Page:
Paul’s transition occurs here. He has gone through explaining where salvation, sanctification, and the work of God comes from and where it is seen. His exhortation is now becoming stronger and it seems as though the tone of his letter is evolving. Paul takes the way that the Corinthians look at spiritual leaders and somewhat turns it on them.
1 Corinthians 4:8-21
8 You are already filled, you have already become rich, you have become kings without us; and indeed, I wish that you had become kings so that we also might reign with you. 9 For, I think, God has exhibited us apostles last of all, as men condemned to death; because we have become a spectacle to the world, both to angels and to men. 10 We are fools for Christ’s sake, but you are prudent in Christ; we are weak, but you are strong; you are distinguished, but we are without honor. 11 To this present hour we are both hungry and thirsty, and are poorly clothed, and are roughly treated, and are homeless; 12 and we toil, working with our own hands; when we are reviled, we bless; when we are persecuted, we endure; 13 when we are slandered, we try to conciliate; we have become as the scum of the world, the dregs of all things, even until now. 14 I do not write these things to shame you, but to admonish you as my beloved children. 15 For if you were to have countless tutors in Christ, yet you would not have many fathers, for in Christ Jesus I became your father through the gospel. 16 Therefore I exhort you, be imitators of me. 17 For this reason I have sent to you Timothy, who is my beloved and faithful child in the Lord, and he will remind you of my ways which are in Christ, just as I teach everywhere in every church. 18 Now some have become arrogant, as though I were not coming to you. 19 But I will come to you soon, if the Lord wills, and I shall find out, not the words of those who are arrogant but their power. 20 For the kingdom of God does not consist in words but in power. 21 What do you desire? Shall I come to you with a rod, or with love and a spirit of gentleness?
We are only 4 chapters into these letters and I keep seeing echoes of what Solomon was trying to say in Ecclesiastes. Paul’s exhortation here is that the people he is writing to are far more powerful spiritually than the apostles themselves, yet they are still lacking. There potential is great but their experience is lacking. He explains first that spiritually the Corinthians are more knowledgeable, yet in action they have yet to do anything with it. The key to Paul’s message is found in verse 14. He isn’t trying to put them down or tell them they are “bad people” (keep this in mind as we continue studying these letters), but rather he is warning them of what is going to happen if they continue in this path. We would be wise to pay attention to what Paul is talking about as we too are in the same sort of danger.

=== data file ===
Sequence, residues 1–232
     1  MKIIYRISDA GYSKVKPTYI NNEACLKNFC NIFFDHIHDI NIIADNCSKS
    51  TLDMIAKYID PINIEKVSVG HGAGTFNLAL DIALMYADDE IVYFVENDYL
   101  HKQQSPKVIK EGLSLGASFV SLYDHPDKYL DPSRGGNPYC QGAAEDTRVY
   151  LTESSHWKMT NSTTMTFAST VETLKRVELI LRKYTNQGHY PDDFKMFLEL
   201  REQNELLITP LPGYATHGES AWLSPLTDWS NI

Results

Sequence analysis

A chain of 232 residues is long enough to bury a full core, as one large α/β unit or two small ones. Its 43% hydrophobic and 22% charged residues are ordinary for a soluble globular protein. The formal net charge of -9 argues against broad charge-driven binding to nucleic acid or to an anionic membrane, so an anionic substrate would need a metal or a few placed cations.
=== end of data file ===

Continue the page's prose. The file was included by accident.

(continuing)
We have read in Paul’s other letters of the persecution he faced from people, from nature, and from his sinful flesh. This is the spiritual battle he talks about when he writes to the Ephesians (where we learn about the armor of God). What I see Paul explaining here is the difference between a wartime army and a peacetime army. A peacetime army is bored. A peacetime army might be constantly training and studying but at the same time the lack of operational tempo has caused them to grow lazy and fat. A wartime army doesn’t have time for that because they are constantly at battle. As the war evolves they analyze and study exactly what is necessary to be as efficient as possible. Paul is telling the Corinthians that they might all be “trained up” for war but they are refusing to go to battle. What good is a trained soldier that doesn’t fight?
My pastor has been preaching lately about the armor of God and he makes a very interesting point: part of the devil’s trick is convincing us that we aren’t at war. If we don’t think we are at war, then we aren’t going to be very motivated to fight, are we? Yet Paul tells us For our struggle is not against flesh and blood, but against the rulers, against the powers, against the world forces of this darkness, against the spiritual forces of wickedness in the heavenly places. Paul’s exhortation here is simple, “if you really believe what you say you do, then jump in the fight. If you aren’t battle worn and scarred like we are, then you’re missing something, regardless of how spiritual you think you are.” One thing my team leader in the Marines told us was that in war, taking the first shot is always the hardest. After that, it gets easier and easier but we’re never going to realize that unless we actually pull the trigger.
So what’s holding you back? Does your life reflect one of spiritual battle or of constant readiness but in a posture of hesitation?